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How conservation research is done

15 October 2020

Conservation research begins with a mason’s hammer, then the conservator takes a chisel or spatula, and finally a scalpel. With the help of such tools, so-called stratigraphic excavations are carried out, i.e. exposing brick walls and relations between them, foundations, and elevations. Such stratigraphic excavations allow to determine the original construction technique of the building or interior finishing – for example, wall colors.

A lot of information can be gained by visual inspection of various elements of the facade, roofing, and basements. Already a preliminary examination of several historical buildings on the site of the Old Slaughterhouse allowed us to hypothesize that originally the roofs were covered with glazed tiles of a deep green color going into graphite.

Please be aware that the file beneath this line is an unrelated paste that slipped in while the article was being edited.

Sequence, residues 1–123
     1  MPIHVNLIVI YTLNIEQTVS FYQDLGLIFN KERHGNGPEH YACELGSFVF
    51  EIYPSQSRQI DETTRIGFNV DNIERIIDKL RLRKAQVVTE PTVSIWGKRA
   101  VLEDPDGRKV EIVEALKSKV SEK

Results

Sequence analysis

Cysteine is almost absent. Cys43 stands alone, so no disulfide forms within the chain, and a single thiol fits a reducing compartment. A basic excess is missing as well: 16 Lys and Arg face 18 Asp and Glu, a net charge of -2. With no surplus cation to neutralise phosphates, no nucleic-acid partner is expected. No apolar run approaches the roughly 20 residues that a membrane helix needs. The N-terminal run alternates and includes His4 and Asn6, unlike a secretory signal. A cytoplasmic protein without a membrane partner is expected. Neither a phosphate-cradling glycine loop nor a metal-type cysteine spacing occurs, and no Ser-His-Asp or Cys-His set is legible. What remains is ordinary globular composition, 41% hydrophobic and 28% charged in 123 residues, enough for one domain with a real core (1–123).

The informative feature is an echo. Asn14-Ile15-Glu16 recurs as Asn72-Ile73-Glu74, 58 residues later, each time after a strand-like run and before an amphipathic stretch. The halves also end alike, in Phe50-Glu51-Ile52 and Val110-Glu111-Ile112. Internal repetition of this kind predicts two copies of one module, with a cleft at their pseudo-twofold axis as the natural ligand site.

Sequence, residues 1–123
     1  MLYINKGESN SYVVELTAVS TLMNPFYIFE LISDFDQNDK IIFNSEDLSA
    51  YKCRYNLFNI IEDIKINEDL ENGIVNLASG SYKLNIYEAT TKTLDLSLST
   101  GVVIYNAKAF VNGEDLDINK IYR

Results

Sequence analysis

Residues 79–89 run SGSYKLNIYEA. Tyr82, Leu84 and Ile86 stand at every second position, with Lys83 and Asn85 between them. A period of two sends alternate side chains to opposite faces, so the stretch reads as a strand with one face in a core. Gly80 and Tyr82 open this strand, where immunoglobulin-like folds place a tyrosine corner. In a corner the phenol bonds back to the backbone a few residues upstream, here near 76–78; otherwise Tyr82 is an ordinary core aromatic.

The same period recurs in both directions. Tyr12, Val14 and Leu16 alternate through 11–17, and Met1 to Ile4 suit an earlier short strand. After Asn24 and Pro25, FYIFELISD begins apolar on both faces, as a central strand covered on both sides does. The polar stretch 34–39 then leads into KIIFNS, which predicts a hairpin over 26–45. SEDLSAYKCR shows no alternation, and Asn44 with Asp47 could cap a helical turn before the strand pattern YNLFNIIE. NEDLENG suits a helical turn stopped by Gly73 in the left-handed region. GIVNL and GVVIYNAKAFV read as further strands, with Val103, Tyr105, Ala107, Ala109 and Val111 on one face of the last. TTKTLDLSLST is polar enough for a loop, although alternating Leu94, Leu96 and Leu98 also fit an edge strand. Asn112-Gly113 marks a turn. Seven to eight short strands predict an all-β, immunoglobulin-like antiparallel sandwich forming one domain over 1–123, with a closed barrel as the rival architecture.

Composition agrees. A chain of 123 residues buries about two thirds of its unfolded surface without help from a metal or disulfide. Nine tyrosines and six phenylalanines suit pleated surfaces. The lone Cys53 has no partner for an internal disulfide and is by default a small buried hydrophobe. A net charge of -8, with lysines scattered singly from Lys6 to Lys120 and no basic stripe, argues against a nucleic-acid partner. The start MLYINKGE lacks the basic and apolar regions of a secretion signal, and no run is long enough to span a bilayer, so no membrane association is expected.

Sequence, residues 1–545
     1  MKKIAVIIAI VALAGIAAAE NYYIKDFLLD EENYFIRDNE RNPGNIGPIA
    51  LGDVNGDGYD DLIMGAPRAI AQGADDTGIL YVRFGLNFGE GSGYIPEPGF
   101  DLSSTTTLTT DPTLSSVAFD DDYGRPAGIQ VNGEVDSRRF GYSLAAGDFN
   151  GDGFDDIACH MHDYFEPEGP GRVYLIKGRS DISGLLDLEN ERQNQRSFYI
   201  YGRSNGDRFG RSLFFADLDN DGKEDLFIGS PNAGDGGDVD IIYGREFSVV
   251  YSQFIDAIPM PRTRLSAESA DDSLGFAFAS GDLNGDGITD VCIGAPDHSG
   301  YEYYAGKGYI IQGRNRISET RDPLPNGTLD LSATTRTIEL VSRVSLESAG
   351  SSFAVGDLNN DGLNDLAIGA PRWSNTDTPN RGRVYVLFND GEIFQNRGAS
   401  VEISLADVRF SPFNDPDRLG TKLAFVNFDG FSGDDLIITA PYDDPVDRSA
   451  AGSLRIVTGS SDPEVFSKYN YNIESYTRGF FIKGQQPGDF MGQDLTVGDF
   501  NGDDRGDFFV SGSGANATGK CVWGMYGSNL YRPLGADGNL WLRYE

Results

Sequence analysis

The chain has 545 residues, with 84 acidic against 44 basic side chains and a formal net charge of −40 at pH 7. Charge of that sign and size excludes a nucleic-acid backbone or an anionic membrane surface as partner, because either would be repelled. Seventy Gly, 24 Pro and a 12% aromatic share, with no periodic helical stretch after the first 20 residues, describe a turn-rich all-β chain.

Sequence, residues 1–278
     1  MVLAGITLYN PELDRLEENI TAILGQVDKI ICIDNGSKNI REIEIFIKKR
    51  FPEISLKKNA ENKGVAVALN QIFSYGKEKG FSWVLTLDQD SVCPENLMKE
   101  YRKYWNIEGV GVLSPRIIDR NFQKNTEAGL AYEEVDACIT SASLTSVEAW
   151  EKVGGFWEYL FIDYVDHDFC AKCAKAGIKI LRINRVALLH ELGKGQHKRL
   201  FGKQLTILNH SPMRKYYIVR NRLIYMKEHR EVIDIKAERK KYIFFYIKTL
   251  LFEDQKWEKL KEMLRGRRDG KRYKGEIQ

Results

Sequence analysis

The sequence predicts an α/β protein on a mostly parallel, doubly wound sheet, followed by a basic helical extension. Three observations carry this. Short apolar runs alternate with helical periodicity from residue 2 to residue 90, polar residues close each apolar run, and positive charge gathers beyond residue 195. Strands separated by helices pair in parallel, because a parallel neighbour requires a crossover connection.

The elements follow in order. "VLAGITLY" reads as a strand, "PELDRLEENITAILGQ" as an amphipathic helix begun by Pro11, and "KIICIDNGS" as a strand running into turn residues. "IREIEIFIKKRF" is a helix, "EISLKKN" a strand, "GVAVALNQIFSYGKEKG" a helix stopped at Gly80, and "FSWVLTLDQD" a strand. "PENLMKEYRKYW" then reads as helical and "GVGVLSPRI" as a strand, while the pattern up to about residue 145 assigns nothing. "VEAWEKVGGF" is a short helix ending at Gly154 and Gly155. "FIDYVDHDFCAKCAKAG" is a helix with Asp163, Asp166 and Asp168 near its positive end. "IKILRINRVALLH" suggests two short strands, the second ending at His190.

According to Jerzy Borwinski, these tiles from the late 19th century could have lasted for hundreds of years if properly maintained. Most probably, however, during the People’s Republic of Poland, no investment was made in roof maintenance on an ongoing basis, but most likely at different stages the tiles were replaced several times and each time with random ones – and not necessarily plain tiles were used, but rather more popular interlocking tiles, and those of low quality. 

During the war the buildings of the City Slaughterhouse sustained significant losses: losses in the buildings were then estimated at 60% and the detailed list of buildings of the slaughterhouse and marketplace rebuilt in 1946-1948, drawn up by the architect and architectural historian Kazimierz Ulatowski, includes as many as eighteen buildings that were part of the meat processing plant.


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